If you are thinking of starting a new business, what form will it take? There are several choices ranging from a sole proprietorship to an S corporation, and much will depend on the kind of product or service you plan to offer.
When considering the kind of entity that would be best for your business, do not forget to weigh the tax ramifications as well as the level of liability exposure you would have. Here are three common examples of business formation:
1. The simple choice
The simplest business format is the sole proprietorship because you simply start selling your service or product. You do not need a tax ID number, a DBA registration or even a business bank account. You cover your income and expenses on a 1040 Form, Schedule C. However, you must pay the hefty self-employment tax on your ordinary net income, and, as the owner of the business, you bear personal responsibility for any liabilities.
2. A favorite option for partnerships
Many partnerships go with the limited liability company because it protects each partner from the actions of the others and makes for efficient tax planning. Although it affords personal protection from lawsuits, this format does not save on taxes; for example, the self-employment or SE tax is still applicable on ordinary net income. Some businesses use LLCs to hold rental properties; they protect property owners and managers from business and rental operations.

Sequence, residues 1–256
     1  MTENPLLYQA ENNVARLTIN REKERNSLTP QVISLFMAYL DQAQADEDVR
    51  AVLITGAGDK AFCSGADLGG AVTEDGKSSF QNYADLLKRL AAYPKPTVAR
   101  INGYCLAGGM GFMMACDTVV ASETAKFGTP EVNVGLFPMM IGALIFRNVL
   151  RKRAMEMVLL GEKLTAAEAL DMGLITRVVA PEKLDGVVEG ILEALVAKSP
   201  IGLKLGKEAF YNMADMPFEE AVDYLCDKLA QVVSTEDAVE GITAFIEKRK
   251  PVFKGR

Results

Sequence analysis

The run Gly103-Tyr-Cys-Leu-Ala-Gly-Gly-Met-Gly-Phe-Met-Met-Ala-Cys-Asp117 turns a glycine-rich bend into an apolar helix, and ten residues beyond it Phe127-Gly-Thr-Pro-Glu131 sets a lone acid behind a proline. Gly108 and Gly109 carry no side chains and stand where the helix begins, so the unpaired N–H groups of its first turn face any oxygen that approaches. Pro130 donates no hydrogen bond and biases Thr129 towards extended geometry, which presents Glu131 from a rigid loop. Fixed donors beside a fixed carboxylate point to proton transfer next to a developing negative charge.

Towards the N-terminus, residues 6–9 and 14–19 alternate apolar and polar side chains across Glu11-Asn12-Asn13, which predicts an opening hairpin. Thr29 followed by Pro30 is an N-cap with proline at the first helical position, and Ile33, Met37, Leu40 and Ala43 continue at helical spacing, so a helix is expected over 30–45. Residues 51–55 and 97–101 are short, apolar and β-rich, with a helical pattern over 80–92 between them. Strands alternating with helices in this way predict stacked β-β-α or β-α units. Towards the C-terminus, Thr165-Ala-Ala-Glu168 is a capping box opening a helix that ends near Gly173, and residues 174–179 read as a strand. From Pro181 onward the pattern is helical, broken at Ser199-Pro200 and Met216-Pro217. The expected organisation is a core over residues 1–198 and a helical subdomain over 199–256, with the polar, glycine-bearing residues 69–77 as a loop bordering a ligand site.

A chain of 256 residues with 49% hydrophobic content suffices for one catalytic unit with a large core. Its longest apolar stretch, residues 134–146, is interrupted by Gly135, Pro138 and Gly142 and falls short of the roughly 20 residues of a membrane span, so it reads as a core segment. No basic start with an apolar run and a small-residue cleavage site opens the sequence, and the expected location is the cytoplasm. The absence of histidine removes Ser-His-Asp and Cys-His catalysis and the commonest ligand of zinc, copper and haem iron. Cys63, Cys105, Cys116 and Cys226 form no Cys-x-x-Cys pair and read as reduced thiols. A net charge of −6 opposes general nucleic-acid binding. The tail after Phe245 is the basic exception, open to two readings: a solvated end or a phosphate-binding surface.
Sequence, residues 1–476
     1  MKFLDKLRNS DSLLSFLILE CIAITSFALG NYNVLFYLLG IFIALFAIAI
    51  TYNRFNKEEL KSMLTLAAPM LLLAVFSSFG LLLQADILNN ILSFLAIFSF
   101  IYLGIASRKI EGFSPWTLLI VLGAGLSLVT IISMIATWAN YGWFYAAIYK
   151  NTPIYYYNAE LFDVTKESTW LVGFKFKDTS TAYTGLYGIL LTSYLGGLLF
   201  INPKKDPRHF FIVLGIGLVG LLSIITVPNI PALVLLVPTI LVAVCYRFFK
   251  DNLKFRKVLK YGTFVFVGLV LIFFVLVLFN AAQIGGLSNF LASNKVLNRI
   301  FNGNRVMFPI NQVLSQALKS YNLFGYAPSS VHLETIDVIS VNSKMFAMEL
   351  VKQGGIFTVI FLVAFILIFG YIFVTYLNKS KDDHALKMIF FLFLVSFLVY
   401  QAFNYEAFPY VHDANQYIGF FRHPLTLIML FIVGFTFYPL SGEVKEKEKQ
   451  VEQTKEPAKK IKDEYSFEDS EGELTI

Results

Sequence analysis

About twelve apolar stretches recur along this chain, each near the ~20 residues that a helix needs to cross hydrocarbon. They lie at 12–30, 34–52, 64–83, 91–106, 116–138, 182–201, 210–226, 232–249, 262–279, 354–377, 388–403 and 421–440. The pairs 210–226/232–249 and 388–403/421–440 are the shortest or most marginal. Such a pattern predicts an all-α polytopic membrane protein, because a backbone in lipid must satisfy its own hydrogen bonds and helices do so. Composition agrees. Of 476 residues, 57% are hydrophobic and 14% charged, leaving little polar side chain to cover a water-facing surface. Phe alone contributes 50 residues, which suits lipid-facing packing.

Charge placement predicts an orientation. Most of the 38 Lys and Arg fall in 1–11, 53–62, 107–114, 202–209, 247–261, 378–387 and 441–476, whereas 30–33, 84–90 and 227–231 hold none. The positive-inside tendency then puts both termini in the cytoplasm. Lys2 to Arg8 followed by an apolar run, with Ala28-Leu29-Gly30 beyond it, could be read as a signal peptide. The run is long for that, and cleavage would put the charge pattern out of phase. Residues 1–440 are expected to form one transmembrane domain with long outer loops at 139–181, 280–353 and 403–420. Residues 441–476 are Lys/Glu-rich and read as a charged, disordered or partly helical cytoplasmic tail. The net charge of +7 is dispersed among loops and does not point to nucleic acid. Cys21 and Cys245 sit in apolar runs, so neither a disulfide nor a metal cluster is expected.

3. Popular with small businesses
The S corporation is often the next step for a sole proprietorship or LLC. Although this format restricts a business to no more than 100 shareholders, it is not subject to corporate tax, something the shareholders are happy to avoid. Also, the S corporation allows the business owner to pay SE tax only on the company’s payroll and not on flow-through income, which represents significant savings. In addition, neither shareholders nor officers can be liable for the debts and liabilities of the corporation.
Making the right decision
There are also professional corporations, limited liability partnerships and other structures to consider. When you are ready to go forward with your startup, an experienced attorney can help you make the right choice given the various aspects, including prudent planning for managing taxes and liabilities.